AIA contract language on indemnification typically requires contractors to hold harmless and indemnify against claims arising out of their performance of work. Simply translated, this means if an owner is sued and ultimately it is determined that the contractor or its representatives or subcontractors were the source of the suit, the contractor must indemnify the owner for the damages it incurred as a result of being sued.
Painful litigation experiences have driven industry participants to routinely attempt to alter this clause to include a simple addition, that contractors must "defend," hold harmless and indemnify... and this simple addition has created a host of issues for unwitting contractees who sign off on this provision without accounting for the potential risk associated with it.
Newest case in point: Arthur v. State of Hawaii, et al., Nos. CAAP-13-0000531, 552, and 615 (Haw. Ct. App. February 27, 2015). In this case, Hawaii's ICA was asked to revisit its Pancakes v. Pomare decision regarding private indemnity agreements, in which the ICA basically held that when a private contractee contracts to "defend" as part of an indemnity agreement, it takes on the role of an insurer who likewise contracts to defend insurers who are sued in civil actions.
The Arthur case arose out of a wrongful death case in which a homeowner fell down a steep hillside and suffered a mortal head injury. The homeowner's husband sued, claiming negligence against the State which originally owned the land, the developer who developed it, the designer who designed its improvements, the contractor who graded it, and finally the chain link fence subcontractor who, for $18,000, constructed a two foot high chain link fence at the base of the hill. In their contracts, all of the parties had signed off on "defend and indemnify" provisions promising to defend against claims arising out of their contracts.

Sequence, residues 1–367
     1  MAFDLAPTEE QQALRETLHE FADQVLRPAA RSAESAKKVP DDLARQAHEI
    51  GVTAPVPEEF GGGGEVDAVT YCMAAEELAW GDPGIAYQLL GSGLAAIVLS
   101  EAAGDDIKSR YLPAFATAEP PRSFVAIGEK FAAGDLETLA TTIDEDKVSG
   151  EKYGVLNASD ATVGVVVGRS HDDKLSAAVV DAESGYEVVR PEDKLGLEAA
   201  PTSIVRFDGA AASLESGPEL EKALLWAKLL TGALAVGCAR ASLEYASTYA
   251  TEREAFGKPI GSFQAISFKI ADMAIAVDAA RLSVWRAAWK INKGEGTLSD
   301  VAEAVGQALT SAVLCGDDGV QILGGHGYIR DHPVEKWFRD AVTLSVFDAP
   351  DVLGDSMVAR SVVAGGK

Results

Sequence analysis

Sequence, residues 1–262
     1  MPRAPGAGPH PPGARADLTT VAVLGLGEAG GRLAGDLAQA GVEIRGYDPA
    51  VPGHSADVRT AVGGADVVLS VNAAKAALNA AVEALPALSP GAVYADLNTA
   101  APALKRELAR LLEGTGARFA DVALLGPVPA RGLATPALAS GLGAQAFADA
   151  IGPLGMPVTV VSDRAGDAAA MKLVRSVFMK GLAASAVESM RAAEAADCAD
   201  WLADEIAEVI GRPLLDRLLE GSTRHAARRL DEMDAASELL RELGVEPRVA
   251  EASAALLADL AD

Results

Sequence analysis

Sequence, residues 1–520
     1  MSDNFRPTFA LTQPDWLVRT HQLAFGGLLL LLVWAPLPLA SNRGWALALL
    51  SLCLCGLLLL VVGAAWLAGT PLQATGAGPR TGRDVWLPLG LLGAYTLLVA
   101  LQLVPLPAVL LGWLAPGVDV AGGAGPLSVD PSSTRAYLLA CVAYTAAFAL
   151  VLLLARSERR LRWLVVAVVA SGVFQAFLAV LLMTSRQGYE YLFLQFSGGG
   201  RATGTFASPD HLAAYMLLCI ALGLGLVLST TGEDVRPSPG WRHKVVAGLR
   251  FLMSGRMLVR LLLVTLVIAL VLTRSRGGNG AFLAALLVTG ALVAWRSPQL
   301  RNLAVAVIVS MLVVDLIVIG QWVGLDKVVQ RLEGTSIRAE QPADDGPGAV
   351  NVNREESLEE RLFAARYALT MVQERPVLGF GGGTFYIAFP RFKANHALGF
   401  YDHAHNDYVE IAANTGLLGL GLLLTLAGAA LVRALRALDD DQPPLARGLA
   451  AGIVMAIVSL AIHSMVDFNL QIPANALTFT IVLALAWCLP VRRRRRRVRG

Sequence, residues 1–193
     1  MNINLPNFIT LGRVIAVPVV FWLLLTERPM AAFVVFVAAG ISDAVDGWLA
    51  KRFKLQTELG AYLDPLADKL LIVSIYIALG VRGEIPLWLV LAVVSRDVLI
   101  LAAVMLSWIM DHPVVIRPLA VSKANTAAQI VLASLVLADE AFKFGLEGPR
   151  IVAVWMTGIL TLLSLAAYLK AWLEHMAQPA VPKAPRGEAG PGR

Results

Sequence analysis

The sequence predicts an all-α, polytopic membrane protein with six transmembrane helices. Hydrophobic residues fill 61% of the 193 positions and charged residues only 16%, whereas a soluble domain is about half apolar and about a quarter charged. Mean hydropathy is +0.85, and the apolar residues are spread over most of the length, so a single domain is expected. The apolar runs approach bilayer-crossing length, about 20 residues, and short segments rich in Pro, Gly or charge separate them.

At issue on appeal were various rulings at the Circuit Court level regarding the effect of these multiple indemnification and duty to defend clauses but for purposes of this post, the case boils down to three important findings.
Pancakes Is Still The Law: First, though specifically requested, the ICA refused to reconsider its decision in Pancakes vs. Pomare, which essentially held that when a private party contracts to defend and indemnify, it will be held to the same standards of "defense" as an insurer, meaning the duty will be determined by and enforceable upon, the allegations of the complaint, and not after trial and a determination of fault. This means that, like insurers, if there is even the possibility of a finding against the indemnitor based upon the allegations of the complaint, the indemnitor must defend against the entire complaint. Industry consternation that private contracting parties are not the same as insurers, i.e. they do not have the capitalization, they are not likewise governed by statute, and most importantly that is not their business, apparently does not and will not sway the court from its original finding.
Hawaii's Insurance Statute Prohibiting Indemnification for One's Own Negligence, Is Not Very Protective: the designer in Arthur attempted to point out to the ICA that by putting indemnitors into the shoes of insurers, the court was violating HRS 431:10:222 , which provides that for construction projects, courts will not enforce indemnity agreements where one party claims indemnification for a party's sole negligence. Focusing on the language "sole negligence," the ICA stated that the plaintiff's complaint did not allege "sole" negligence on the part of the contractor. Therefore, the designer could not claim the indemnification clause was unenforceable under Hawaii law.
The duty to defend is not a flow through duty unless specifically contracted to be one: Despite finding that Pancakes is still governing law and that the duty to defend puts the indemnifier into the same shoes as an insurer who likewise contracts to defend, the ICA was unwilling to assign to the fencing subcontractor a flow through duty to the defend not just the entity with whom it contracted, but the develop and Architect as well, because of flow through provisions in the parties' contracts. Because the Contractor contracted to defend and indemnify the Owner and because the Designers did likewise, they could not disclaim their responsibility to pay for a portion of the defense.